Richard Aphex, John Cage and the Prepared Piano (excerpt)

There’s a lot of piano on the Aphex Twin’s album ‘Drukqs’. Some of the tracks are straight piano and some have the piano sound altered, offering metallic rattles, woody clunks and textured thwacks. These are the classic sounds of the ‘Prepared Piano’, an instrument invented, in 1940, by the American Experimental composer John Cage. A piano is ‘prepared’ by placing small, everyday objects in the strings. 

Most of the strings of a grand piano are usually grouped in threes, the exception to this are the bass notes, where the strings get longer and thicker, which are grouped in twos and, the very low notes, which are single strings. The fact that each note is a tight group of three strings enables small objects placed between the strings to be held in place by the tension in the strings. A screw or a bolt or a pencil rubber will simply stay put when it is inserted into the piano strings. And when such an object is gripped by the strings it changes the sound that is produced when the piano hammer strikes. No longer is there a clear note, with identifiable pitch, there is instead an exotic rattle, ping or thud like an instrument from Africa or the Far East.

In 1940 the dancer Syvilla Fort asked John Cage to compose the music for a solo dance she called Bacchanle. The theatre where the performance was to take place had no room for the percussion group, there was only enough space for a grand piano. The dance had an African theme and Cage was asked to write music that had a flavour of Africa. So, using only his piano he tried to find scales and groupings of notes that had this kind of sound. He couldn’t do it. The notes were not working. “I decided that what was wrong was the piano, not my efforts, because I was conscientious” Cage wrote later. He needed some way of changing the sound of the piano. Cage had seen and heard the results of extended piano techniques devised by his teacher Henry Cowell. The effect of these techniques changed the sound of the piano creating interesting harmonics and new sounds. Cage experimented with household objects placed inside the piano and had hit on the right objects. Later he recalled, “I was delighted to notice that by means of a single preparation two different sounds could be produced. One was resonant and open, the other was quiet and muted. The quiet one was heard whenever the soft pedal was used.”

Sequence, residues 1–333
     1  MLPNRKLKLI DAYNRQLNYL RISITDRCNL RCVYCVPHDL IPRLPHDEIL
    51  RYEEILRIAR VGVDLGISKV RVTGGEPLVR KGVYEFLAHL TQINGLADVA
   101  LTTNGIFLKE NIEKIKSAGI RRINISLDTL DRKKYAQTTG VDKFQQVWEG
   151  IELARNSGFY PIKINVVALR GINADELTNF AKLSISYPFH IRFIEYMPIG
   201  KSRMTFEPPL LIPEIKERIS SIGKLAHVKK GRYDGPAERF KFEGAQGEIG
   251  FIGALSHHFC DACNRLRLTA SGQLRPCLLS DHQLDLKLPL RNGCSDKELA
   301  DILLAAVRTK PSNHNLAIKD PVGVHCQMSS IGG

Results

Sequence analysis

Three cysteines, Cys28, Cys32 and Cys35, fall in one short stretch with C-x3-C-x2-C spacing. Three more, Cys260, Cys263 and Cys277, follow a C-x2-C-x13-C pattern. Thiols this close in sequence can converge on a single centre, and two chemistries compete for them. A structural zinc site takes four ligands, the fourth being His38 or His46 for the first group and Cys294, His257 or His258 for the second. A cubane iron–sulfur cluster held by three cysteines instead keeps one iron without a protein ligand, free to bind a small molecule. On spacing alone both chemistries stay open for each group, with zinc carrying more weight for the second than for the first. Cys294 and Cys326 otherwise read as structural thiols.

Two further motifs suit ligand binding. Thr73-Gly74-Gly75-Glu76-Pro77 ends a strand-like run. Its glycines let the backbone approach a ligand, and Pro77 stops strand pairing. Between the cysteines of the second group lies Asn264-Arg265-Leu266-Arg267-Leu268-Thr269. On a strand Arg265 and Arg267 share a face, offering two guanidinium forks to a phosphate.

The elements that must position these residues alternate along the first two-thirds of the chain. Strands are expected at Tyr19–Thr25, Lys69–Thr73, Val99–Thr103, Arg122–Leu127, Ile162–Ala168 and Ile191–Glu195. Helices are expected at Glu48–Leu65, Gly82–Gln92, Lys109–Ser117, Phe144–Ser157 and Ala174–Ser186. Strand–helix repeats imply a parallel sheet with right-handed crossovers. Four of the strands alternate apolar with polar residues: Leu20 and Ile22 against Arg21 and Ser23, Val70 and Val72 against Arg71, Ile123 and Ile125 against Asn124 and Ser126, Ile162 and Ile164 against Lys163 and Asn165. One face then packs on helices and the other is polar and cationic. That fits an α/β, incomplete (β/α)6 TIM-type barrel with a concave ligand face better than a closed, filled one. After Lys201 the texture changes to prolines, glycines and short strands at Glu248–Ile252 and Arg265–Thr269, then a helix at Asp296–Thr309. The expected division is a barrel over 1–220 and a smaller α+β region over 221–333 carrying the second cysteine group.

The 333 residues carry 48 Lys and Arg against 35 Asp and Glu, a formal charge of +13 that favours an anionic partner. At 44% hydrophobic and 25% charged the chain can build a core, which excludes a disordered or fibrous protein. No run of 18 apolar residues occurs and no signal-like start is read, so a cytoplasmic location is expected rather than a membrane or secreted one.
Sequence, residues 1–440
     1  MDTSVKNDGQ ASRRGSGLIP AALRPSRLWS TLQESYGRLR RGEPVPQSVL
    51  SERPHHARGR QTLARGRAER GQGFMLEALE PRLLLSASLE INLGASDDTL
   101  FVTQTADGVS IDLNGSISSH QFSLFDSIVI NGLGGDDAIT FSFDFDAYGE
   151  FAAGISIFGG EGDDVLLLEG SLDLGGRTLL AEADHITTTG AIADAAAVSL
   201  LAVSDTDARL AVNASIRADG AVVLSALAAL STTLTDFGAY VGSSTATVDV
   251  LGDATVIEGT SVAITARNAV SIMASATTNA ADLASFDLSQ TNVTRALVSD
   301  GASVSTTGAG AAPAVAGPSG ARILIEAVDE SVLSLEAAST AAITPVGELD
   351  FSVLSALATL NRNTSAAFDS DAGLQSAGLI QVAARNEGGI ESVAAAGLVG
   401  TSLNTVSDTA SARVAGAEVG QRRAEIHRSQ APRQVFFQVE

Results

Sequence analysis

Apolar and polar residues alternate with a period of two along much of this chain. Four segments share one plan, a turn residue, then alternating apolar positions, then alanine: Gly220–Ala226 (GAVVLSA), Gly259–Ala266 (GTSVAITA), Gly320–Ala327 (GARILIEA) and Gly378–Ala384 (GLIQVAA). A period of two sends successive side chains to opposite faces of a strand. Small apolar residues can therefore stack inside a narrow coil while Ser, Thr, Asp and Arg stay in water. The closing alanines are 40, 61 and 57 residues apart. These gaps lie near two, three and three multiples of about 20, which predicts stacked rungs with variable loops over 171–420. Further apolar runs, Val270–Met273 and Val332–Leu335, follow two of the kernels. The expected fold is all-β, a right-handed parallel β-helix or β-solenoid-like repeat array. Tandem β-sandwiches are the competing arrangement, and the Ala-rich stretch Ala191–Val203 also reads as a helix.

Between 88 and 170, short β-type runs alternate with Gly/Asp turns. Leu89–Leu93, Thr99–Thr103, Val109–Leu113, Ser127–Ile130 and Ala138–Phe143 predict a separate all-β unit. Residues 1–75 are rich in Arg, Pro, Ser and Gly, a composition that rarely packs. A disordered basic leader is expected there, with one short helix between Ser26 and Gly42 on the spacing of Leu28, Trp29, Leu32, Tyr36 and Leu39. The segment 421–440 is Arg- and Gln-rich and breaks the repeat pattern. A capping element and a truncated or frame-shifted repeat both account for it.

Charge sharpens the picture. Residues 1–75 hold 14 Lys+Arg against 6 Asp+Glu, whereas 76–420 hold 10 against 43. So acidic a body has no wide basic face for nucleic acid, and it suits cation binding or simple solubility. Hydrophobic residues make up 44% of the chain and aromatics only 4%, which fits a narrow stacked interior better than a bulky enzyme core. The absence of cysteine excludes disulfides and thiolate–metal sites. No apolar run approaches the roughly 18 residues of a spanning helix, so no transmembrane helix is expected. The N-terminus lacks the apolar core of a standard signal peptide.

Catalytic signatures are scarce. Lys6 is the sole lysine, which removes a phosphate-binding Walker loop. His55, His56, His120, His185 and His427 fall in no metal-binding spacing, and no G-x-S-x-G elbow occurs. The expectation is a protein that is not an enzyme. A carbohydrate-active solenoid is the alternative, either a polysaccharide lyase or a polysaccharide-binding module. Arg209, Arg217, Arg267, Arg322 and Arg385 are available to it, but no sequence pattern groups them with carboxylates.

Having prepared his piano he set about composing the piece. This was done relatively quickly. Cage had hit upon a fabulous new soundworld.

There are many pieces, written by Cage (and others), for prepared piano. The Sonatas and Interludes (1946-48) are a collection of short pieces written with rhythm and durational proportions. Music for Marcel Duchamp was composed in 1947 and was used to accompany part of the experimental film ‘Dreams That Money Can Buy’ by the Dadaist Hans Richter. Concerto for Prepared Piano and Orchestra (1951) completely extends the classical idea of a concerto and the role of the solo instrument against the orchestra.
These were heady days and it’s extremely difficult for us now to imagine how weird this music must have sounded. War was raging in Europe and the Far East and the whole world order was changing in ways we cannot comprehend today. Composers, artists and writers were trying to sweep away everything that had gone before, they were trying to make new sounds, new images and new meanings. The modernist world presented a new reality routed in abstraction, dislocation and the unconscious. What music meant was no longer clear. Melody, harmony and the idea of memorable tunes disappeared. New sounds, dislocated rhythms and dissonance were the ingredients of the new music.

Nearly sixty years later Richard James was in a BBC studio taking part in a programme called ‘Mixing It’. One of Cage’s prepared piano pieces was played and Mr Aphex’s ears were drawn to the extraordinary sounds. He enquired about the prepared piano and how it was all done. He bought a grand piano that can be played by computer. It’s called a ‘Diskclavier’ . It’s exactly like a straightforward grand piano but the keys can be controlled by a computer. The results are there for all to hear. It’s a real piano on Drukqs, not a sampler or a synthesizer. Richard James has brought the sound of the forties into the 21st century.

© 2002 Robert Worby- read whole text